Nurses at Mercy Medical Center Redding to hold informational picket for patient safety
Registered nurses at Mercy Medical Center Redding in Redding, Calif. will hold an informational picket on Wednesday, May 26 to alert the community of staffing concerns that erode patient safety, announced California Nurses Association (CNA) today.
Over the past year and a half RNs have worked the front lines tirelessly to keep patients and each other safe. Unfortunately, management is now trying to implement a new floating practice as a way to solve the hospital’s chronic short staffing problem. Floating is a management practice where nurses are reassigned to units of the hospital where they do not normally work. When short staffing occurs in one unit, management is moving RNs from their scheduled department to work in another unit.
- What: Informational picket and RN media availability to confront the hospital’s efforts to undermine safe staffing and patient care standards set by California law
- When: Wednesday, May 26, 7:30 a.m–9:30 a.m.
- Where: Mercy Medical Center Redding, 2175 Rosaline Ave, Redding, Calif., 96001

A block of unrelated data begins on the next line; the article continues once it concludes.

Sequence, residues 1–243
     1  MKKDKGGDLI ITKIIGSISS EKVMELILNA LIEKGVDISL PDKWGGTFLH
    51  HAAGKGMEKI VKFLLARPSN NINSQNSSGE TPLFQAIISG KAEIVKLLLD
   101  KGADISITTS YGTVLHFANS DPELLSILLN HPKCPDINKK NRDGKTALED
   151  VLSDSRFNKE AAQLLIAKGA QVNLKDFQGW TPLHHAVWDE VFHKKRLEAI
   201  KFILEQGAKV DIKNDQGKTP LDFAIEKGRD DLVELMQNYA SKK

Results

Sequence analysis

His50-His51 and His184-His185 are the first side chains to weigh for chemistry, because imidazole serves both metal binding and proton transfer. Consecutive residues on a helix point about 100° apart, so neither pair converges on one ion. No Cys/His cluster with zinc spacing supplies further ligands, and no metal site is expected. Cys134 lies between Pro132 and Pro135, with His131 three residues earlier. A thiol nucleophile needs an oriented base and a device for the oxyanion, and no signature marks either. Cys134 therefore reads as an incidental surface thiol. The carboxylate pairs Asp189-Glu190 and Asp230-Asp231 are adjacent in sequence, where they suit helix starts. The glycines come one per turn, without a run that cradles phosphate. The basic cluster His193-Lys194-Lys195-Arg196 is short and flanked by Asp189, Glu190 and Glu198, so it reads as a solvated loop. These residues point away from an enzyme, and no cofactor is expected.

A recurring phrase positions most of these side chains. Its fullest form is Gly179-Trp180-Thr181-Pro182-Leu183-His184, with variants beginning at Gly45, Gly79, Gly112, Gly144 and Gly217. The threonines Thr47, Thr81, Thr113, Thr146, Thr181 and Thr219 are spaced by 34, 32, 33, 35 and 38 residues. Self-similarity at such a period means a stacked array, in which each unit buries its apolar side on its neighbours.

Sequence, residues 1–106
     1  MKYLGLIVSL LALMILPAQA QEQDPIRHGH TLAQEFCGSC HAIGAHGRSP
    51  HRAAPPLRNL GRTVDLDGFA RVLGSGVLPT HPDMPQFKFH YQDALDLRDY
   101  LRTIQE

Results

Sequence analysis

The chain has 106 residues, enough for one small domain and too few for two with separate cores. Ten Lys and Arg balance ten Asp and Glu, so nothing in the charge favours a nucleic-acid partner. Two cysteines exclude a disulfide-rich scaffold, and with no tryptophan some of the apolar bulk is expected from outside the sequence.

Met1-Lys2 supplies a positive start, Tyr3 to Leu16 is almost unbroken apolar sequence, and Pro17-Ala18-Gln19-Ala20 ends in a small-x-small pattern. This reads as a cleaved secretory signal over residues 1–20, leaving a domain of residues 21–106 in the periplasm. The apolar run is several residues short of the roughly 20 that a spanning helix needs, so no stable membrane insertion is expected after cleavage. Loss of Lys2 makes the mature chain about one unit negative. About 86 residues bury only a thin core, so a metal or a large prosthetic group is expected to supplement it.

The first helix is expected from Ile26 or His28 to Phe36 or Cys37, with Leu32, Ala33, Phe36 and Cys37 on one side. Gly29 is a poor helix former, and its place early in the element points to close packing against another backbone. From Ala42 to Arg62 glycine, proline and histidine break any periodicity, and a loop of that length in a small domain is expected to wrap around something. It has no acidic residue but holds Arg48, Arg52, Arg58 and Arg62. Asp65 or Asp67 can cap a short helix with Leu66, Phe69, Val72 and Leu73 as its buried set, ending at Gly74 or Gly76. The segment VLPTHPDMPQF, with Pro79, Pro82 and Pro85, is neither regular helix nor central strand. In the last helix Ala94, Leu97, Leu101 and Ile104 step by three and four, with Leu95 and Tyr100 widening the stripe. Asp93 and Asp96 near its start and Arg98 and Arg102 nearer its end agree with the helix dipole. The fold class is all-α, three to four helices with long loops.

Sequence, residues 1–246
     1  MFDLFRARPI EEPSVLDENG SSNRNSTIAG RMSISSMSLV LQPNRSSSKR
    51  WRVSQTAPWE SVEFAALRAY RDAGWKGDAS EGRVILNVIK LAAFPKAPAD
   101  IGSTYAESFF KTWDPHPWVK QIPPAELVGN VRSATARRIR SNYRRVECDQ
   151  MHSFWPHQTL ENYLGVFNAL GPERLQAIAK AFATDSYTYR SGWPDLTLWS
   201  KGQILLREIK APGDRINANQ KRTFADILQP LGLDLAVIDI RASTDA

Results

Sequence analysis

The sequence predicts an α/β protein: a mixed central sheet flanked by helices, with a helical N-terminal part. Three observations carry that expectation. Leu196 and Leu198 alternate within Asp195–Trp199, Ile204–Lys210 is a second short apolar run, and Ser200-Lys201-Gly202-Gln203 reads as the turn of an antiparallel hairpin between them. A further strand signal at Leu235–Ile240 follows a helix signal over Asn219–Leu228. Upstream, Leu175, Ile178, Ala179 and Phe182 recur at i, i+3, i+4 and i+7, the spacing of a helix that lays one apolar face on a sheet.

For example, the hospital is proposing to float RNs scheduled to the ICU to less critical units, which would leave the critical care unit short staffed. This would violate California’s safe staffing law by assigning too many patients for nurses to care for. Currently the ICU night shift is staffed with a majority of temporary, traveler nurses, not Mercy Medical Center Redding staff nurses, to cover the short staffing.
Additionally, the hospital’s proposed solution for short staffing is not to hire more nurses, but to require nurses to work rotating shifts, which means regularly switching from day to night shifts, which is not safe for patients or nurses because RNs will not be in optimal condition to care for them.
“The words dignity, respect, and human kindness, the forefront slogan of the hospital is not being reflected," said Matt Olkowski, RN Negotiator. “The proposal from the hospital would greatly increase the risk to our patients and put our licenses at risk.”
Additionally, nurses say that the hospital’s staffing issue makes it difficult to recruit and retain experienced nurses who are critical to mentoring newer nurses and to providing optimal patient care. The union has made proposals to address retention and recruitment, but the hospital has rejected them.
If you are interested in sending a camera crew to the press conference or in learning more about the situation at Mercy Medical Center Redding, registered nurses will be available to speak to the press.
CNA represents 750 registered nurses at Mercy Medical Center Redding.